Saturday, 16 January 2010


Hopefully it's "Tech is great, but you still need to put people first!"

Social & Communications Networks begin & end with people, and so do the tools they rely on.

Rule#1: Whatever it is, you MUST make it User/Customer friendly! That includes the support.

If you launch a new service you must have a back-up plan, and people in place to support that service. Similarly, if you launch some new hardware, even if it looks, feels and works great, you still need PEOPLE to TALK to PEOPLE to sort out their difficulties.

With new systems & hardware, especially with both depending on working together, like a phone that only works with networks, and software, provided by a variety of 3rd parties, you are going to have difficulties.

Sorting those challenges must happen in what's now known as "real time" - people on Twitter, people on the phone, available to help NOW, not via email with a 3 day delay!

I have experienced this myself with my own network supplier, O2, here in the UK, just in the last few days, as my contract comes to an end. Reviewing the options is not easily done by email. Like most now, I like to do the research online, but I still want to buy local, or personal, if I want to sort something with the minimum of delay.

I love Google, even though Wave has let me down a bit thus far, and Chrome for Mac took a long time to arrive, and then needed an op system upgrade before you can use it!

It strikes me that the Big G has been catering a little too much towards techies in these launches, and not with real users, who need forethought, like "how are they going to use it" and "how are we going to support it". The debacle with Nexus One therefore seems just like a repeat of recent history.

I am one of the "potential buyers" they should be aiming at - I love my iPhone, but it's contract is about to end, so I'm open to options. I love HTC, and own a good many of their handsets, because they always seem to deliver on "Looks, Feels, and Needs", so I'd be very open to a handset sourced from them. And, having had the iPhone experience, I am very reluctant to return to Windows Mobile. Perfect combination, no?

Don't get me wrong - the iPhone is the best thing, ever, in my book, but that doesn't mean it can't be bested. Hardware reports suggest that Nexus One actually has bested the iPhone, but I am definitely NOT going to step over the barrier to something so new, for use as my primary personal communications tool (with a "get me anywhere, anytime" tag), when I see many reports of poor/non-existent support from an otherwise respected source.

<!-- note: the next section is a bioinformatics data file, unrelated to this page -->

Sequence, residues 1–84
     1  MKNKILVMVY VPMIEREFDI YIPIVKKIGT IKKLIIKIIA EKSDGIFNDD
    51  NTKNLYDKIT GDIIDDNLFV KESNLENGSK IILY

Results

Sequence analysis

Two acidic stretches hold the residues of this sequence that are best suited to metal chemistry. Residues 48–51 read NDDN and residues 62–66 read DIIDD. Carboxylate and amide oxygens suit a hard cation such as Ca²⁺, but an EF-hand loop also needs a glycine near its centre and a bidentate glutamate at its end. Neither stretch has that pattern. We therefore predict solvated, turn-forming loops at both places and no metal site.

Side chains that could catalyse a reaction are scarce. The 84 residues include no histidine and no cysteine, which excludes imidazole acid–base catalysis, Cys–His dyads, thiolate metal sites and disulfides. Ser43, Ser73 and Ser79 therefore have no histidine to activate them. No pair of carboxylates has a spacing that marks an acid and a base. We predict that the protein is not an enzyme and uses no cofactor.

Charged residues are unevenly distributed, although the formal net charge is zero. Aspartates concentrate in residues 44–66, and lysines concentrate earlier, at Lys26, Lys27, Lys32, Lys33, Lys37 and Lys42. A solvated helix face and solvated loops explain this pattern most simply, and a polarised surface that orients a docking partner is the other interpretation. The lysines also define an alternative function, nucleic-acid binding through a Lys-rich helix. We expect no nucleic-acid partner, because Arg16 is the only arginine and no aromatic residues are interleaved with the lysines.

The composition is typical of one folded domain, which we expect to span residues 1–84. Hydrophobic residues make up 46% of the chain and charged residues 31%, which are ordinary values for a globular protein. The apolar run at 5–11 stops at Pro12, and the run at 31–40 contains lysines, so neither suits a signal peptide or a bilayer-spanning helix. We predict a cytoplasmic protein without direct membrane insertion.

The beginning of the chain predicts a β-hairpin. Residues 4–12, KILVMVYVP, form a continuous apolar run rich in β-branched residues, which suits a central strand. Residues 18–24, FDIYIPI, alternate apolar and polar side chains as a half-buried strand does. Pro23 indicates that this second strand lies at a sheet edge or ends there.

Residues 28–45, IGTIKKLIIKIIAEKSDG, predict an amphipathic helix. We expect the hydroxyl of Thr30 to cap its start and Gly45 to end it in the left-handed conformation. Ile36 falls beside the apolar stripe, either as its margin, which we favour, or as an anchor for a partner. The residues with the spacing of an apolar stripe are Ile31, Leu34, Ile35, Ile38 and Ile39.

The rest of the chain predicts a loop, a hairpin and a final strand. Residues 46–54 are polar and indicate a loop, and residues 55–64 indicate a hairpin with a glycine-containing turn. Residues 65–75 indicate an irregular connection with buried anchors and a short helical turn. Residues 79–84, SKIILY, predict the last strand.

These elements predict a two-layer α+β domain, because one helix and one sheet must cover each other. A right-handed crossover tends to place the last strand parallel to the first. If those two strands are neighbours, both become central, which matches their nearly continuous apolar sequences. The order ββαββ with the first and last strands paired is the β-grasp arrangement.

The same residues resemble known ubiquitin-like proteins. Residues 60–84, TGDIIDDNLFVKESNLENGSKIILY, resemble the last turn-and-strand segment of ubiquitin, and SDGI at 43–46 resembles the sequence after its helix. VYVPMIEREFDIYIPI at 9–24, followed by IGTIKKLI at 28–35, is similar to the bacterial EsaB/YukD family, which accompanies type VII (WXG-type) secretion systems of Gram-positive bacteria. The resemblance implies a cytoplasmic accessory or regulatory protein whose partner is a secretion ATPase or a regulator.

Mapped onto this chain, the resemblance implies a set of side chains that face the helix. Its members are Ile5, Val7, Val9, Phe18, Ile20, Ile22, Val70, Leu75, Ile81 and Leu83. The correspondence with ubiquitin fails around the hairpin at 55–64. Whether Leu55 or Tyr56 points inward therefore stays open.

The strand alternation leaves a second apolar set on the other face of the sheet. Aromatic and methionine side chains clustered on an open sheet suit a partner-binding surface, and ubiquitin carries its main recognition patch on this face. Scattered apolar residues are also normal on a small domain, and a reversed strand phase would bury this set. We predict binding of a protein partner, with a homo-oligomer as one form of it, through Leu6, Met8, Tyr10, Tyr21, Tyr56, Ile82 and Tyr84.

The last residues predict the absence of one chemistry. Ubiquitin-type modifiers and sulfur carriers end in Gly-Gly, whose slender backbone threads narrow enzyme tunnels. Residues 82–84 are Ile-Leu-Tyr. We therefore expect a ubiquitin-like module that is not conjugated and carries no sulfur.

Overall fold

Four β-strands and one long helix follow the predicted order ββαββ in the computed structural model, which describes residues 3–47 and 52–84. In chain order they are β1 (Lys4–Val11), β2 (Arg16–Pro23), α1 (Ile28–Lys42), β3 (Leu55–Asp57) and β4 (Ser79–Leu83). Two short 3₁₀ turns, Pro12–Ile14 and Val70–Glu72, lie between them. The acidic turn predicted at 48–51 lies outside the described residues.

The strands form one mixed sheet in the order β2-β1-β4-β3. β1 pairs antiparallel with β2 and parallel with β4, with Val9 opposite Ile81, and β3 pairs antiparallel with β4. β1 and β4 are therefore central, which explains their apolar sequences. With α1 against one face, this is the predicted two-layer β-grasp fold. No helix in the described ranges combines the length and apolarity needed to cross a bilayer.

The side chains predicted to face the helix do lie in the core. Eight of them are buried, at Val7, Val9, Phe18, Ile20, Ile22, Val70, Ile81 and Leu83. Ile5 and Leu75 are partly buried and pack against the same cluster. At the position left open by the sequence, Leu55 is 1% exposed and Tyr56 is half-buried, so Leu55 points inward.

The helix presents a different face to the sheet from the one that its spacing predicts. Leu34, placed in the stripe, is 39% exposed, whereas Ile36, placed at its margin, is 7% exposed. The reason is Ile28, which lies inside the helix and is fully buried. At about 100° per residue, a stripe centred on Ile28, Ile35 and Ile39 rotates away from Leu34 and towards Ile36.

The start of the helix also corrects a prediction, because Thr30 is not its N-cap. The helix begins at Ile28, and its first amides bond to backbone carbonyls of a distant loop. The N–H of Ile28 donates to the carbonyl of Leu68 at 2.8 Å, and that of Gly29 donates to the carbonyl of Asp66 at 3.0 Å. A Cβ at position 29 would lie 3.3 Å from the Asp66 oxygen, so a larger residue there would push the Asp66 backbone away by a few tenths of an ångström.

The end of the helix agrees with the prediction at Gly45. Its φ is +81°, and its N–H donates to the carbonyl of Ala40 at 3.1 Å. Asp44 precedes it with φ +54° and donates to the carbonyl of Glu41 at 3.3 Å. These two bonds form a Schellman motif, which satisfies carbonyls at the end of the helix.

I've been able to use the mobile phone - one of my own personal passions - as the example here, after reading an article from Glenn Chapman of but how can YOU see this applying in YOUR business, where you are competing with many others, both online & offline?

Are you putting the User/Customer first? They can certainly tell the difference when you do!

PROVIDING they can find you, but that's for another blog.

What do you think?

Howard J Moorey

January 16th, 2010

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Thursday, 7 January 2010

Social Media is SO last year!

Social Media has matured alot over the last 6 months, not least in the degree of measurability inherent in your online "presence"

With that measurability comes a level of credibility - you achieve that by ticking certain boxes, like filling in your social networking profiles properly, so people can "check you out" in their own terms.

If someone spends alot of time on Facebook, or it is simply their predominant route to their network of friends & acquaintances, then they will determine your "cred" by whether you post regularly, have a complete profile (some of which will overlap with their own life preferences), and basically show off the real you!

That measurability & credibility leads to Social Decorum, ie. "proper behaviour" online, such as interesting and/or helpful posts, not too much "me, me, me", responsive to approaches, conversational, basically a "participator". Everyone has their own standards that they judge you by - often boxed off and varying depending on the age sector you & they are in (as society goes, "twas ever thus"). If you tick their boxes, you "behave" to their standards, and they are then happy to include you in their world.

Key lesson to learn here is that we are talking about people, that's what “social” is all about!

People run, and work in, businesses, so we are simply talking about people approaching and connecting with one another, in a fashion that has never been available to us before. It's just networking, like we have done since the dawn of time, only today we use new tools - "Digital Media".

That networking is much more comfortable, on a human level, than "sales", "pitching" and "business development" but it still amounts to the same thing, if it is approached with a degree of Social Decorum.